We’ve heard about the 1 percent.
We’ve heard about the 47 percent.
And now, for the first time, more than 50 percent of the members of the U.S. Congress are millionaires, according to the Center for Responsive Politics, a Washington-based organization that tracks political spending.
The median net worth in 2012 for all current members of Congress in office as of the May filing deadline, which was 530 of 535 lawmakers, was $1,008,767.
That’s the first time the median has exceeded $1 million, the center found in a survey of congressional and candidate financial disclosures. There are 268 current members who had a net worth of $1 million or more, up from 257 members, or 48 percent, a year earlier.
The milestone comes as Congress is having difficulty approving benefits for people who have less, such as extending expanded unemployment benefits, funding for food stamps and increasing the minimum wage.
“Despite the fact that polls show how dissatisfied Americans are with Congress overall, there’s been no change in our appetite to elect affluent politicians to represent our concerns in Washington,” Sheila Krumholz, executive director of the center, said in a statement on the group’s website.
Senators and representatives earn a base annual salary of $174,000, not counting benefits, though lawmakers in leadership positions can earn more. Permissible outside income is capped at just more than $27,000, according to the Congressional Research Service, though members can claim a tax deduction of up to $3,000 to offset living expenses while in Washington.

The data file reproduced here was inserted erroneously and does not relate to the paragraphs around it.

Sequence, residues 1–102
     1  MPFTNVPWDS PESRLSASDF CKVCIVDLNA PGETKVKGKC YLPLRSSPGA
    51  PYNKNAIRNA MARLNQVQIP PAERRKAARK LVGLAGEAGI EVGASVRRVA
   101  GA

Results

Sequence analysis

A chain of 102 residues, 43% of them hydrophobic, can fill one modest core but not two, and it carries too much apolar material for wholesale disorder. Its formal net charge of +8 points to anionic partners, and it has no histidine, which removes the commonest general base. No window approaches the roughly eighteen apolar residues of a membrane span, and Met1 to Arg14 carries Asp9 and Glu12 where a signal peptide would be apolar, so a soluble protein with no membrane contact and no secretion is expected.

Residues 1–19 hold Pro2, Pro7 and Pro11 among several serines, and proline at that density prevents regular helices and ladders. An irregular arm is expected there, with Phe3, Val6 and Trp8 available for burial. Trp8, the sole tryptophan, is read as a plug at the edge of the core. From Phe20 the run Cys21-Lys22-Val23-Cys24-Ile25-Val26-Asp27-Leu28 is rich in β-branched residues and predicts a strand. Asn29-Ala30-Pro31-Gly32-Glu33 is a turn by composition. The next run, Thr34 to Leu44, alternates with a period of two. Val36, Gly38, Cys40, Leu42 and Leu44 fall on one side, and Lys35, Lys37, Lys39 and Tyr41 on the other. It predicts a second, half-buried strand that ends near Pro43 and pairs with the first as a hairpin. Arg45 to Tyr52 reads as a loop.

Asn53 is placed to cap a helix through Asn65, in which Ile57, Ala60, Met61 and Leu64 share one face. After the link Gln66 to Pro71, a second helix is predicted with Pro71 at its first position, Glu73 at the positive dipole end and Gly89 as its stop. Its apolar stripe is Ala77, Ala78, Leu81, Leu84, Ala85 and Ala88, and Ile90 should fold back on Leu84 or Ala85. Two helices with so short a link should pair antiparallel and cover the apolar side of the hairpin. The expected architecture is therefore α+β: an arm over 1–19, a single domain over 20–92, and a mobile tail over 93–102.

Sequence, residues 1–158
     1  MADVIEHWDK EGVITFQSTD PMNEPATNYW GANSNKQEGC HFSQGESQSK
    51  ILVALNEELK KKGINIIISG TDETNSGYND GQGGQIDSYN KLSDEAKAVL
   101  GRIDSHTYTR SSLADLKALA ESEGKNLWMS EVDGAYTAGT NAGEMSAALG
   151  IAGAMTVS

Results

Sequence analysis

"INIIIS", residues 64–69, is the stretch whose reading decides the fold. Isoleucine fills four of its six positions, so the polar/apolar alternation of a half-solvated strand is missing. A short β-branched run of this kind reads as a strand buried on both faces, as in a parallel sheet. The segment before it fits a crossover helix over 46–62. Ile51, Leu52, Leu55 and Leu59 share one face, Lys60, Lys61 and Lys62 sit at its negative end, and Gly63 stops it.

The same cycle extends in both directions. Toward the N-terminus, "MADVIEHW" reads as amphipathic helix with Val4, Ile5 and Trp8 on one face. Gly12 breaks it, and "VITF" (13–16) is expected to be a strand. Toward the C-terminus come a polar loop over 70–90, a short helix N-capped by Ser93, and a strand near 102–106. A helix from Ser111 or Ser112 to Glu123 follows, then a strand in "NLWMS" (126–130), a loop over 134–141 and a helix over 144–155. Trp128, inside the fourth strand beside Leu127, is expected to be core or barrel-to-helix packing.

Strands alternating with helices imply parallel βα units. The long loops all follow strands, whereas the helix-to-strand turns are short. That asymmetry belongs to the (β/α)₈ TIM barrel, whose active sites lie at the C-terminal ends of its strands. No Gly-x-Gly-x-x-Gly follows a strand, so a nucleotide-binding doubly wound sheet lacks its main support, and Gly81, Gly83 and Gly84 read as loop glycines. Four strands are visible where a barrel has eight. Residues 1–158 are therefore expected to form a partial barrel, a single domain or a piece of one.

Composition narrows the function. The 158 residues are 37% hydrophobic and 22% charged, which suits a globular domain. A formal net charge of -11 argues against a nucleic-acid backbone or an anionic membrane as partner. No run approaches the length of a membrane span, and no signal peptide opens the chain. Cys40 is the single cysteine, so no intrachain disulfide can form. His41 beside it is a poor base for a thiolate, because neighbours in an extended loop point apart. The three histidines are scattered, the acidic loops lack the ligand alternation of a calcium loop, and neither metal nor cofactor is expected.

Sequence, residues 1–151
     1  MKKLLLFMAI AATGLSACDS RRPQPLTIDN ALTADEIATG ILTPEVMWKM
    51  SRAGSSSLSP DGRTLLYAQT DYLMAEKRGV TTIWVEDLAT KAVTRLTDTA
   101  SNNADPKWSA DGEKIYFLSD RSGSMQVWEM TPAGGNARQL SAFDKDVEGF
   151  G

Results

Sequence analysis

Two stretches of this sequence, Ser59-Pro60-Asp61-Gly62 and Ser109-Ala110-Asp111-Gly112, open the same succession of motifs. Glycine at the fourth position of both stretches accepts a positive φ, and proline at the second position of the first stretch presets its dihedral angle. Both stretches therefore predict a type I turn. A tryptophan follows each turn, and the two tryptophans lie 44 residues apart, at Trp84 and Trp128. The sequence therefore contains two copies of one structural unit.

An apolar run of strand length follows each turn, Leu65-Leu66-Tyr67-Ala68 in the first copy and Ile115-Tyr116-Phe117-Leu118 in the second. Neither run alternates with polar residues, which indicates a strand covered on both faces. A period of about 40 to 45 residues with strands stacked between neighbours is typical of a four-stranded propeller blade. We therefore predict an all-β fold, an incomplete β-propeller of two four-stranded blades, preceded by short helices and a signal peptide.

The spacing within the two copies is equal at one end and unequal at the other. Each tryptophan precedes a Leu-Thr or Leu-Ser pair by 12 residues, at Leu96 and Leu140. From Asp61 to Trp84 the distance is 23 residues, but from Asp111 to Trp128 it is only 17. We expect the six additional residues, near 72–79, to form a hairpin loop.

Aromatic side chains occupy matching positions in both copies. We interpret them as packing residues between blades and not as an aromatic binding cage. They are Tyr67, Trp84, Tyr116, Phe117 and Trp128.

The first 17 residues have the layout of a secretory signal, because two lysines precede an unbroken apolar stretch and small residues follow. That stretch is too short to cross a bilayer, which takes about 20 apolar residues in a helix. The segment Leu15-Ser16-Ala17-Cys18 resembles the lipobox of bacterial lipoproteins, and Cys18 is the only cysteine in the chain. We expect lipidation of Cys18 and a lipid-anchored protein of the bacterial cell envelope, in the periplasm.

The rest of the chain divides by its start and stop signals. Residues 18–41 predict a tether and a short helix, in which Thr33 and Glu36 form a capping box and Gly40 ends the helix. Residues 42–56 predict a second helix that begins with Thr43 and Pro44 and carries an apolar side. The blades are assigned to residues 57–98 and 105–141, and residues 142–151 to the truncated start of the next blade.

Lawmakers are also given taxpayer funds to run their offices at the Capitol and in their home districts, and to cover official expenses.
Precise wealth figures are hard to determine through Congress’s financial disclosures, which report holdings in broad ranges that become less precise as the amounts rise. At the top end that can mean reports are off by tens or hundreds of millions of dollars.
Lawmaker wealth varies widely, from Representative Darrell Issa, with a fortune the center estimated at $464 million built on car alarms, to Representative David Valdado, who reported $12.1 million in net liabilities related to outstanding debt on loans for his family’s dairy farm.
The disparity means lawmakers often don’t have to deal with some of the same financial issues as their constituents. Lawmakers, for instance, clashed at least twice in the past two years over whether to allow government-backed student loan rates to double.
Student lending is now the second-biggest category of consumer lending in the U.S., surpassing credit cards and trailing only mortgages. A Bloomberg review of financial disclosures during 2012 found that very few lawmakers reported student-loan debt, including only one member of leadership, Republican Representative Cathy McMorris Rodgers.
Krumholz said it’s “undeniable” that to run for office in the U.S. “candidates need access to wealth to run financially viable campaigns, and the most successful fundraisers are politicians who swim in those circles to begin with.”
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